Time Warner Cable is moving to all-digital transmission for its cable TV customers, and is starting its nationwide move in the middle of Maine.
The cable company is targeting the 90,000 customers it has in its Augusta market, which covers 105 communities stretching out to Camden and Rockport, down to the Oxford region and containing cities like Lewiston, Auburn and Waterville. Those 90,000 represent about a quarter of Time Warner’s base in Maine, according to spokesman Andrew Russell. Time Warner is the second-largest cable company in the United States, with more than 5.9 million video, phone and Internet customers.
“This is the pilot for the whole company; this is the first Time Warner Cable system to launch this,” said Russell.
What this move means is that Time Warner will no longer broadcast an analog signal to its cable customers — starting first in the Augusta market this fall, then to the rest of its customers in Maine and nationwide after it evaluates the first part of the roll-out.
Customers who subscribe to Time Warner’s Basic or Classic packages will need to get a small adapter from the cable company. The adapter is about the size of a deck of a cards; the cable goes in one end, it translates the signal from digital to analog, and the other end plugs into the TV.
Customers who currently subscribe to digital cable from the company and have set-top boxes won’t need to do anything. If they have extra TVs without set-top boxes, however, they will need to get either additional boxes or an adapter for them, Russell said.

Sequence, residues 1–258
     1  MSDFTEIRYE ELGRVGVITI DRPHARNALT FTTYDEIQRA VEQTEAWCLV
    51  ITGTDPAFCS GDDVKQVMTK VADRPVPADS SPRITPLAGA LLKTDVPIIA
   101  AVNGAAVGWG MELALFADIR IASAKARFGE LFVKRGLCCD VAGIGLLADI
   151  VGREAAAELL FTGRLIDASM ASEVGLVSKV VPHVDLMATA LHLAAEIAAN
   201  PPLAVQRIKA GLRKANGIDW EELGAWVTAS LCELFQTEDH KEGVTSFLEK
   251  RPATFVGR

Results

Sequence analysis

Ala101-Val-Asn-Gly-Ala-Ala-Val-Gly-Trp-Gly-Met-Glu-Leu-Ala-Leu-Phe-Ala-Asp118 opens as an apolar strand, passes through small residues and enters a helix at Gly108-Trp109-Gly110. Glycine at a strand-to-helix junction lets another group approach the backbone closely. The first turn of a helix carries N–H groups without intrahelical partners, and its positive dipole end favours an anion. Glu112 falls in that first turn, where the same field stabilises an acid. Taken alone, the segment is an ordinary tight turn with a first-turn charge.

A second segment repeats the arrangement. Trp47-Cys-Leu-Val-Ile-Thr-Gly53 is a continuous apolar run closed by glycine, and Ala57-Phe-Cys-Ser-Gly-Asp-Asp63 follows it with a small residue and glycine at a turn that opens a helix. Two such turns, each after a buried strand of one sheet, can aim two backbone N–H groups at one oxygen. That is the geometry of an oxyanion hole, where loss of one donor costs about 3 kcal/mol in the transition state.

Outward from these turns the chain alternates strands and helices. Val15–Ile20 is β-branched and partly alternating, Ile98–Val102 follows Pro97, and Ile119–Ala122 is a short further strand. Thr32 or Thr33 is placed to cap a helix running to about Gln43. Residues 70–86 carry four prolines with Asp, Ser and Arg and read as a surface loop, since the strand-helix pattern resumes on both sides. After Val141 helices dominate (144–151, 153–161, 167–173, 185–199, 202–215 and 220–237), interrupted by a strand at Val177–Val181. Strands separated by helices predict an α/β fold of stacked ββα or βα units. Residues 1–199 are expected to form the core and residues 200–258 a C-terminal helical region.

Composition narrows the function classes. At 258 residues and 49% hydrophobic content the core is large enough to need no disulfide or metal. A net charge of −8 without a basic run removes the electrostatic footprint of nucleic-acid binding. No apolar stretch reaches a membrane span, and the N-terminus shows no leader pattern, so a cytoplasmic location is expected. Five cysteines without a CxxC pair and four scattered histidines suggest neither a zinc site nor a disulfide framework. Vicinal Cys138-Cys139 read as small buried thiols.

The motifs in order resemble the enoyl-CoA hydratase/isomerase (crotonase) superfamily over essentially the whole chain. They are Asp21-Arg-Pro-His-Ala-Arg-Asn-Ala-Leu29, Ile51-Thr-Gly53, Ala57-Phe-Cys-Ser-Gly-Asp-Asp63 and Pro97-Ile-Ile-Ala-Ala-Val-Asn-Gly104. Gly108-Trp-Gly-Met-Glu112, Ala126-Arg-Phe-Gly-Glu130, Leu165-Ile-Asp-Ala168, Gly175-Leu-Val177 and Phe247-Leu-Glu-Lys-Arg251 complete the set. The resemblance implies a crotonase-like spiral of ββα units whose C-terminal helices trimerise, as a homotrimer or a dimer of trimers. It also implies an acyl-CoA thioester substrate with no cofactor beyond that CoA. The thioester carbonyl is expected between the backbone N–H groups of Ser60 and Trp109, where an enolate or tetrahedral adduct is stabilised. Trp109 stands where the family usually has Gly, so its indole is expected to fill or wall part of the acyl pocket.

Russell said a minority of Time Warner’s customers who will need an adapter, but “they’re important customers,” he said.
Additionally, consumers with newer televisions equipped with QAM tuners can receive a digital signal without an adapter, Russell said.
Customers who need an adapter will have to contact Time Warner at 877-801-5660, and Russell said they can start doing so immediately. Russell said customers can install the adapters themselves or a technician can do it for them. There’s no charge for the adapters until January 2014, when a 99-cent per month fee will be charged for each device.
“This is happening across our industry,” said Russell. “Our customers want the best products; they want to take advantage of all the features the digital world has to offer. Frankly this is where our company needs to be — it’s where our competitors are.”
The old analog signals take up more bandwidth than do the digital signals, Russell said. As a result, when Time Warner cuts off the analog signals, the company will be providing faster Internet broadband service and more digital phone services.
In addition, both Basic and Classic subscribers are getting additional channels with the switchover. Basic customers will get CSPAN 2, EWTN, Knox TV, All News Channel, WGME’s The Cool TV, News 8 Now, NBC Weather Plus, MPBN, MPBN2, CREATE, PBS World, RT TV, Shop Zeal 1-5 and ONTWC.
Classic subscribers already get those channels; they will receive the CMT, TruTV, Oxygen, Travel and Speed channels after the switchover.
No channels will be lost in the transition, Russell said.
Over the next month, Time Warner will run a media campaign, reaching out to its central Maine customers with commercials, print ads and direct mail. Over the last few weeks, Time Warner has been installing adapters during service calls and has talked about the coming switchover with customers during interactions.
The actual migration in the Augusta area will come in two phases, with the first set of channels cutting over to digital-only in late October and the second set in November.
Russell said the company chose the mid-Maine market as the pilot roll-out because there was a good mix of urban and rural customers and a sizable amount of customers to assess the process.
For more information, visit www.timewarnercable.com/godigital.